Hendrick Boards Goes From Sick Dog to Hot Sales“Cause-Based” Business Tied to Nonprofit Network Saturday, November 17, 2012
Hendrickson, with no business experience, quit all three jobs that day. He sold an old iPhone on Craigslist for $250 and used that money to buy a used silkscreen machine, also through Craigslist. He made every shirt out of his 300-square-foot Anaheim apartment during the first few months in business.
Hendrickson said he believes he has been successful because his products give back to animal shelters, nonprofits and rescues, attracting the attention of like-minded followers. Anywhere from 20% to 40% of each sale is donated to a nonprofit in the buyer’s area.
The company currently supports 150 non-profits throughout the U.S., up 15-fold this year.
Hendrick Boards began contracting some services out about five months after its launch in order to keep up with demand.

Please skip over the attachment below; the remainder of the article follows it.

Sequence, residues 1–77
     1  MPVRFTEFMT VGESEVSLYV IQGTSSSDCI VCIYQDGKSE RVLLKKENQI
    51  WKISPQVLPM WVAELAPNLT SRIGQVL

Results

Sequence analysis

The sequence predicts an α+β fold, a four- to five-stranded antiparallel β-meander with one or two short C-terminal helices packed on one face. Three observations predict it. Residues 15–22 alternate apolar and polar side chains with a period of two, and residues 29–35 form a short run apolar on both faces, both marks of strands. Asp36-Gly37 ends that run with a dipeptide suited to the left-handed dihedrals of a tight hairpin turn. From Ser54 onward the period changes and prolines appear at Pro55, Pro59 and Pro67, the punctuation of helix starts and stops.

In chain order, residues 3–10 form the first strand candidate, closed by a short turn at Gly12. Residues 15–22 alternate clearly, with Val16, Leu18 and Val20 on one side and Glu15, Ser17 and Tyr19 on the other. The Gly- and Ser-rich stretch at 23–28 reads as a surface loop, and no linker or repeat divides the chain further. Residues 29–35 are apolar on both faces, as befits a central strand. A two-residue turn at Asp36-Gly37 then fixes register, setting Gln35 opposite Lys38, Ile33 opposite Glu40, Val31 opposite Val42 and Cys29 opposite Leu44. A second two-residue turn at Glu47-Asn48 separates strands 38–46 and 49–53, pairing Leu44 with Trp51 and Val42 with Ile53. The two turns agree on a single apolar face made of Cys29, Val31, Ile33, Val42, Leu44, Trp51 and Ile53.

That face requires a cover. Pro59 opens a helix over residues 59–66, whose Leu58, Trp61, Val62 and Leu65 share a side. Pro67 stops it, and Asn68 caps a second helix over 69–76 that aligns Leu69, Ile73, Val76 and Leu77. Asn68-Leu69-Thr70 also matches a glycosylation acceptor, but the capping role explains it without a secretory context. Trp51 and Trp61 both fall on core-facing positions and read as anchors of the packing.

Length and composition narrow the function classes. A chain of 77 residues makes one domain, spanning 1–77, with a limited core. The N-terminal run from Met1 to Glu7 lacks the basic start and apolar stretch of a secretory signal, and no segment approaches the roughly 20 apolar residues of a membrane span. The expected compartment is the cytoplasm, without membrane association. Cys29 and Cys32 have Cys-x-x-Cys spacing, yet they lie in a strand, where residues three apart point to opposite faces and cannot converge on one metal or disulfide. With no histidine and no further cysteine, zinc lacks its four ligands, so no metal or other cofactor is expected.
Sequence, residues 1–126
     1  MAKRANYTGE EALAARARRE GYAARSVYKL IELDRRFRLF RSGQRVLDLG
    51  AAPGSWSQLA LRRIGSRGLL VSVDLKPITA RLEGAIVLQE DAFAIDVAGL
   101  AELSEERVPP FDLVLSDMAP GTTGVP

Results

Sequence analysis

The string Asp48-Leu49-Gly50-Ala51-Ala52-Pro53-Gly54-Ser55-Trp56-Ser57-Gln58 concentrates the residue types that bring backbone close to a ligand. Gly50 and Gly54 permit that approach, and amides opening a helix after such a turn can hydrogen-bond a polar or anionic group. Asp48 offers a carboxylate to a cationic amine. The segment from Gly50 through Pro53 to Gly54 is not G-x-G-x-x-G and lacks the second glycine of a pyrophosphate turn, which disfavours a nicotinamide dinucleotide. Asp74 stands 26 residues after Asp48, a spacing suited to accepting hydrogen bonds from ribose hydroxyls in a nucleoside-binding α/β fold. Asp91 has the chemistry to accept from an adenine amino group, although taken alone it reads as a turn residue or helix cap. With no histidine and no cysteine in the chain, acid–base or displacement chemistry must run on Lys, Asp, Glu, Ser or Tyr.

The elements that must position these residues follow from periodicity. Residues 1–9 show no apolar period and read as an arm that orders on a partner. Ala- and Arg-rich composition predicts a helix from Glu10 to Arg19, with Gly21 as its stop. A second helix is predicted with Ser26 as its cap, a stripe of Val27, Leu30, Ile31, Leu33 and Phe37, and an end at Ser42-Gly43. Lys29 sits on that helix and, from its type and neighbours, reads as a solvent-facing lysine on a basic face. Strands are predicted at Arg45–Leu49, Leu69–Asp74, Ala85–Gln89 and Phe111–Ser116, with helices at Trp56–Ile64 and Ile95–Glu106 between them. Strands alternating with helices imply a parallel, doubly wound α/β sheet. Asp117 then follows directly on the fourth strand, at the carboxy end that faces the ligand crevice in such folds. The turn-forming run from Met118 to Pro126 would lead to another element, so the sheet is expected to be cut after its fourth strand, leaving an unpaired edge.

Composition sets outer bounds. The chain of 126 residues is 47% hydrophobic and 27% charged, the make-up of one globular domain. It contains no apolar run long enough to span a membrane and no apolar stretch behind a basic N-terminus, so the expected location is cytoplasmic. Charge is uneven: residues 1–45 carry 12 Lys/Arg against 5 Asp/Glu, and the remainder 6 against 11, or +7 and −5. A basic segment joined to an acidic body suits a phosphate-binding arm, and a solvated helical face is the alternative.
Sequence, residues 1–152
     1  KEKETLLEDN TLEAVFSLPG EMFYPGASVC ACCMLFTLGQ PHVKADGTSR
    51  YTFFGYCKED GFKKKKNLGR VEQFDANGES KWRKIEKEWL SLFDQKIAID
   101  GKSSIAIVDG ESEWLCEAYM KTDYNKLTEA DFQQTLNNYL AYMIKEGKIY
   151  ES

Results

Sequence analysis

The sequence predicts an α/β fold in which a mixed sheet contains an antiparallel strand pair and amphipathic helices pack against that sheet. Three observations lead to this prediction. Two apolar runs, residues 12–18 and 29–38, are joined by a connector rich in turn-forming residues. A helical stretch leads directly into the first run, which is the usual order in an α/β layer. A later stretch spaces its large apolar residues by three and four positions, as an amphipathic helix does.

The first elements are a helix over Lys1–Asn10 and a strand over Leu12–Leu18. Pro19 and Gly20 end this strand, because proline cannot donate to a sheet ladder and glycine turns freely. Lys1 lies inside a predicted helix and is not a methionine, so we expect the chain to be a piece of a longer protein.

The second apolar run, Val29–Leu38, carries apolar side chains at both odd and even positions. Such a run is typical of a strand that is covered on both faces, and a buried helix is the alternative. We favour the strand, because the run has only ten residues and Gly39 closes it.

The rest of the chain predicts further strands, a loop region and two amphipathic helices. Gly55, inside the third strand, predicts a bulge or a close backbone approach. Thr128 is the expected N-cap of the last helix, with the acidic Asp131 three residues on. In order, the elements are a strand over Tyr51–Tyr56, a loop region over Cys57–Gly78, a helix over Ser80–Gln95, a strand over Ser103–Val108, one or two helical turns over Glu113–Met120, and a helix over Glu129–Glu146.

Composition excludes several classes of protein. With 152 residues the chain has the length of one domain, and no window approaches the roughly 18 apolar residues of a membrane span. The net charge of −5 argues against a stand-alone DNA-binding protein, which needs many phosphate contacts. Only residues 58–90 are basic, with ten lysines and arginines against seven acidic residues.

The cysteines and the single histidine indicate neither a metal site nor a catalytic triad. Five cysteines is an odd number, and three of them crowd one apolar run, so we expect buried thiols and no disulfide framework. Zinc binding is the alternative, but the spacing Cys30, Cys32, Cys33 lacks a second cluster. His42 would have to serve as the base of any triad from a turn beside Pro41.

In September the company was one of five small businesses selected from throughout the U.S. by American Express OPEN and Facebook to receive $25,000 and a “marketing makeover.”
The company received a one-on-one social media consultation, which Hendrickson said has been an important tool for generating buzz since the start of the business.
“I was lucky enough to grow up with Facebook and Myspace, so it was just natural to use Facebook as a marketing tool, and it’s free,” Hendrickson said.
The company’s sales have doubled every quarter this year, prompting plans to double its space to about 2,400 square feet with a move from Anaheim to downtown Fullerton within the next few months.
Hendrickson also is considering hiring more employees to help expand its nonprofit network, with a goal of doubling its numbers.
Retail will be a big focus next year.
About 85% of Hendrick Boards’ sales come from online orders, largely driven by Facebook marketing, Hendrickson said.
The company’s products are also sold in about 20 skate and surf shops in the U.S.
Next year the focus will be on getting into larger chains, with David Hendrickson eyeing retailers such as Anaheim-based Pacific Sunwear of California Inc. and Zumiez Inc. of Everett, Wash.
“I never want to fall back in sales,” Hendrickson said. “I have to look at this as a business, and we need a profit to save animals.”
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